The Year in Review
Just as it signals the end of the sun’s journey to the north and its welcome return to the south, winter solstice portends the end of another calendar year and the beginning of winter, a time of joyous celebration and quiet reflection. Many peoples around the world mark this transition with a variety of festivals.
It has been a breakthrough year. Restrained over the two previous years by the pandemic, GTEC forged a partnership with False Creek Friends Society and revitalized its vision of developing an educational centre (the False Creek Climate Response Centre), a place where people can gather, learn and evolve solutions to the many climate change challenges we face. Granville Island, visited by three to seven million people every year, local residents and tourists alike, is the iconic heart of Vancouver and its transformation from a toxic, industrial environment into a beautiful centre of arts, culture and food, one of its proudest achievements. Granville Island seems like an ideal location for such a Centre.
But, as we are realizing and coming to terms with, Granville Island has another history. One hundred and eighty years ago it was a sand bar in the midst of marshland and a favourite fish trapping spot for the Squamish people. A Squamish village called Sen̓áḵw was located on the shores of False Creek under the present-day Burrard Bridge. Squamish Hereditary Chief, Ian Campbell taught us that seven Indigenous nations had various claims to fish and hunt in this fertile area. All of this changed in the early 19th century as waves of European settlers usurped this land and turned Granville Island into an industrial site centred on milling the logs from the first growth forest the settlers were busy tearing down. What had been a sand bar was built up with sludge dredged from deepening the Creek.
Like many such shoreline environments around the world, the Island is vulnerable to rising tides and water tables. Coastal adaptation is a must in such environments. Part of the exciting challenge of locating on Granville Island is that it is a living laboratory for coastal adaptation and an important opportunity to play our part in Indigenous Reconciliation. But, the truth of our current situation is that all environments on the planet are stressed.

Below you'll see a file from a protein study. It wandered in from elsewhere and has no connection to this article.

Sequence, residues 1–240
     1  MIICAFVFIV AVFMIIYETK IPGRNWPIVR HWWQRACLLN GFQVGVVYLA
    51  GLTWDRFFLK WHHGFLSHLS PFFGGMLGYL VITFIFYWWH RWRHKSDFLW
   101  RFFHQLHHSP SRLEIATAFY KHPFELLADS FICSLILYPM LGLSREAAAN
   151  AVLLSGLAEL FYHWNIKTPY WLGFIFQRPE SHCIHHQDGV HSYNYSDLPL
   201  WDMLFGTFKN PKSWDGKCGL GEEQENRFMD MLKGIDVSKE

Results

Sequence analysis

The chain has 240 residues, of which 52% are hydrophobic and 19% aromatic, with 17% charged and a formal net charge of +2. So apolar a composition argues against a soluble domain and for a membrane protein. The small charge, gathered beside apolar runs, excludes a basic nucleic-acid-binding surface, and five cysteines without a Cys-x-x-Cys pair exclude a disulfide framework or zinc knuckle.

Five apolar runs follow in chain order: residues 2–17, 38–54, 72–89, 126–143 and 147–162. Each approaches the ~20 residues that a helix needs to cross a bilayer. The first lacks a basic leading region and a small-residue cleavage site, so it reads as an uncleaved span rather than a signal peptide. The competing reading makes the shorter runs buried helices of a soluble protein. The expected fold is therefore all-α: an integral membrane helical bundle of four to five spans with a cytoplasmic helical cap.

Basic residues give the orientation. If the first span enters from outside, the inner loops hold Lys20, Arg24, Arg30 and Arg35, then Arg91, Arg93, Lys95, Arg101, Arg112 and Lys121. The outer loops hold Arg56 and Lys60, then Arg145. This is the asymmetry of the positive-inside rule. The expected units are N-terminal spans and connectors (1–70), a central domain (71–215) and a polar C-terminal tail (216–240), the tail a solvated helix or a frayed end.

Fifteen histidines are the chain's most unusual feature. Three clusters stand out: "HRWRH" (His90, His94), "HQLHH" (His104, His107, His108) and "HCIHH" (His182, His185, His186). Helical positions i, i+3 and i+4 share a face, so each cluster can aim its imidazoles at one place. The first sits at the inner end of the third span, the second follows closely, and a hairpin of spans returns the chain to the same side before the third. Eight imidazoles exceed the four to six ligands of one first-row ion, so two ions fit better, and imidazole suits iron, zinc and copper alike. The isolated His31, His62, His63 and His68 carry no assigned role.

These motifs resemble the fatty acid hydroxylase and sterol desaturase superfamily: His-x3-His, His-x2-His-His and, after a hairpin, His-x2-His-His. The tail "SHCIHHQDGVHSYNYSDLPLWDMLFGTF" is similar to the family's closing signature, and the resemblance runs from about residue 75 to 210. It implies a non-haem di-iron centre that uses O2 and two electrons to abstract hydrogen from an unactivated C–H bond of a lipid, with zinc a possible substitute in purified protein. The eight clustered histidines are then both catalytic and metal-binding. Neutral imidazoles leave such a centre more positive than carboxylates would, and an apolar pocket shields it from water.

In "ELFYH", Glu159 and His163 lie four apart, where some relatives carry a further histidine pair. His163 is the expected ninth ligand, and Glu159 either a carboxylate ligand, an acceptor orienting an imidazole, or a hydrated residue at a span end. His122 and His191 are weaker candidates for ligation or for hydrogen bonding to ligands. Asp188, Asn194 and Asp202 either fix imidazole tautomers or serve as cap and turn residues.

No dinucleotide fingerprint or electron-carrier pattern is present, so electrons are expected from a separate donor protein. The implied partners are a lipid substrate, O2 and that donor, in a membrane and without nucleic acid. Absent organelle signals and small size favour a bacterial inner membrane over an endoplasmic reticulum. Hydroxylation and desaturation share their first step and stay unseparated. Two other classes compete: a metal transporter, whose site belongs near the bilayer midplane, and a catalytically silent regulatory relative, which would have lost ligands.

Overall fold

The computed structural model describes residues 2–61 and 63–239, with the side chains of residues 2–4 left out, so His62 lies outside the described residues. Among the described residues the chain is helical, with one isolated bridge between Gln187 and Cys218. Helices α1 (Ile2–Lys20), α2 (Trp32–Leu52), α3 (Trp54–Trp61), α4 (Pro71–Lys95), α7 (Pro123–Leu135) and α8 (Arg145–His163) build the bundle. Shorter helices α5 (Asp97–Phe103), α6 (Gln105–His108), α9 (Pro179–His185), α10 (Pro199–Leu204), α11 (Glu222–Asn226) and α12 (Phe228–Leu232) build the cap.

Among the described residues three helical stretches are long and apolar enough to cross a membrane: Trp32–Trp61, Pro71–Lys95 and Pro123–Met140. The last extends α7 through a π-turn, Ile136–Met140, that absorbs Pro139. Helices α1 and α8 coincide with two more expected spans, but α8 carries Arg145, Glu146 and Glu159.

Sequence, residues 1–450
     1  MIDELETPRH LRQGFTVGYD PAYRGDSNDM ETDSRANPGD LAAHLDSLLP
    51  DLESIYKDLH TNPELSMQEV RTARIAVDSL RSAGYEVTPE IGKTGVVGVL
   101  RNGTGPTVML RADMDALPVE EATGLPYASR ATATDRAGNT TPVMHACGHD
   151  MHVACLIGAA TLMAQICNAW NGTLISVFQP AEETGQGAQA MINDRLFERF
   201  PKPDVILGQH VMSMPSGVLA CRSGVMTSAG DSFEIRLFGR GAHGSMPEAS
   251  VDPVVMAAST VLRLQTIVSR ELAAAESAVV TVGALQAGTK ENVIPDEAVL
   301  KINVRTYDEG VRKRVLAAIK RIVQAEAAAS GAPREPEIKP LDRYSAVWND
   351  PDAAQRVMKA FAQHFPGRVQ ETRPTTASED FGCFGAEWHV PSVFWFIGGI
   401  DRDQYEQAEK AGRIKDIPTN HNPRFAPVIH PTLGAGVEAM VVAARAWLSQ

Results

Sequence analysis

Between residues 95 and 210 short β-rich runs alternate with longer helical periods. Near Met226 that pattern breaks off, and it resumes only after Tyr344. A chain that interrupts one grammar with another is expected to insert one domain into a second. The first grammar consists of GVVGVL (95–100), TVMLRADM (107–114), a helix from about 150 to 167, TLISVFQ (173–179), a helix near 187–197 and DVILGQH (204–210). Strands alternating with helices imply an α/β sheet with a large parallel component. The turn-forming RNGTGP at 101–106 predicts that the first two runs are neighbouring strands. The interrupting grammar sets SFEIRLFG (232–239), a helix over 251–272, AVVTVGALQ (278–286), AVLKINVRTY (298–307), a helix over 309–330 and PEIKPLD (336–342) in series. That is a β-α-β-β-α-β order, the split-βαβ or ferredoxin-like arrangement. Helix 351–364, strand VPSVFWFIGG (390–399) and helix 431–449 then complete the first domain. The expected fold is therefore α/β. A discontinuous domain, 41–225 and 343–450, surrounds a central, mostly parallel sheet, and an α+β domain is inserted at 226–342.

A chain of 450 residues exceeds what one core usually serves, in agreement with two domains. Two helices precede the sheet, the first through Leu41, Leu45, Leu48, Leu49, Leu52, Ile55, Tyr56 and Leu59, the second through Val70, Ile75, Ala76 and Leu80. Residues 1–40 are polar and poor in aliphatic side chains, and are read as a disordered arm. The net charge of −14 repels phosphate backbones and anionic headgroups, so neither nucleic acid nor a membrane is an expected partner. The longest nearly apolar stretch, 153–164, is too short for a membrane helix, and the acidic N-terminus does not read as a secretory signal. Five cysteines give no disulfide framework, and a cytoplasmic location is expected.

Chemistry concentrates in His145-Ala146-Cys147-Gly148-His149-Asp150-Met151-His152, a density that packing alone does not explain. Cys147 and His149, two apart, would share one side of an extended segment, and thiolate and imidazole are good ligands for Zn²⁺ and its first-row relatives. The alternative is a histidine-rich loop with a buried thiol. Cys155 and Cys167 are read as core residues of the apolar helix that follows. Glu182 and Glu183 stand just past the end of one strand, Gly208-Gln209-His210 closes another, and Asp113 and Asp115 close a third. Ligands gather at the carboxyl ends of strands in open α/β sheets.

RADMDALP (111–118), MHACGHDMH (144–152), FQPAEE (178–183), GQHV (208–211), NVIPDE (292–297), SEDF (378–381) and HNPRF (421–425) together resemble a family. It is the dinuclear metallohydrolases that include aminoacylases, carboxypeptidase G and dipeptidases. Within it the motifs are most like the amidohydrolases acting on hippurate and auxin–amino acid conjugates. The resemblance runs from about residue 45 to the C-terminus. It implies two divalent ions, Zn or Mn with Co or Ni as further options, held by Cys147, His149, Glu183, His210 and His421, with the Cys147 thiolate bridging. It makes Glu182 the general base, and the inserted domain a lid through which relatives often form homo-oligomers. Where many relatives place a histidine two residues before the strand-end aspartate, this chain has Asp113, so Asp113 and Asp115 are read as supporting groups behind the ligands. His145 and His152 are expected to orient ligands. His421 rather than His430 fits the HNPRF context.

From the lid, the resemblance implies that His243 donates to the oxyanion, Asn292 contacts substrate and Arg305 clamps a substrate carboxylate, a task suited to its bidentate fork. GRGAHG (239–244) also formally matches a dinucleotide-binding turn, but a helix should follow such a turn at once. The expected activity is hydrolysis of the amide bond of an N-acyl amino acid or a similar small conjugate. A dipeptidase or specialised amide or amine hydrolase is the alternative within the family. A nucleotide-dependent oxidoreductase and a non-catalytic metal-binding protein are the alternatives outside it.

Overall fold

Over the course of the year, GTEC and False Creek Friends Society shaped thinking about the False Creek Climate Response Centre to the extent that we have submitted a major proposal to the federal Department of Oceans and Fisheries in late December. Earlier in the fall, the Trottier Foundation supported the Centre with developmental funds. The first of its kind in Canada, the Climate Response Centre is a scalable, multi-faceted resource that serves the people of the Granville Island and False Creek area and the surrounding City of Vancouver community. What makes this Centre unique is its commitment to direct engagement with the community, focus on coastal adaptation and emphasis on education.
The Climate Response Centre will be populated with six major programs:
- Coastal Adaptation
- Community Development and Education
- Health and Well-Being Support Services
- Indigenous Engagement
- Media and Communications
- Research and Development While steps to establish the Climate Response Centre continue, GTEC has also been planning and developing programs that will be offered at the Centre and partnerships that will make it a credible educational setting. An example is GTEC’s partnership with the Mental Health Climate Change Alliance (MHCCA) based in the Faculty of Health Sciences at Simon Fraser University. GTEC and MHCCA have been funded by BC’s foremost health research funder, the Michael Smith Foundation for Health Research to research and develop programs that support young people in facing the impacts of climate crisis and responding constructively (see #3 above).
Also, with support from MHCCA and the youth civic engagement team at CityHive, GTEC is evolving a community development model, called Reimagining Community Futures, based on the most recent findings in social psychology, cognitive psychology and neuroscience. In the New Year, GTEC and the Federation of Community Social Services will meet to consider funding for piloting this program with the social services sector (#2 above). All of these developments are consistent with GTEC’s conviction that a constructive response to the climate crisis depends on educating the public and building community, as well as on science and technology.
Since its inception in January 2020 GTEC’s free access, online quarterly arts and culture publication, the GTEC Reader has focused on the impact of climate change, responses, and solutions. For example, see CBC meteorologist, Johanna Wagstaffe’s thoughts about the climate crisis in vol. 3, issue 1.
The Reader’s diverse team is led by experienced editor, Mary Kean. The Reader is supported by regular blog posts on the GTEC website, as well as social media in the forms of Facebook and Instagram (@gteccanada), giving GTEC well established means of producing educational materials and communicating with the public.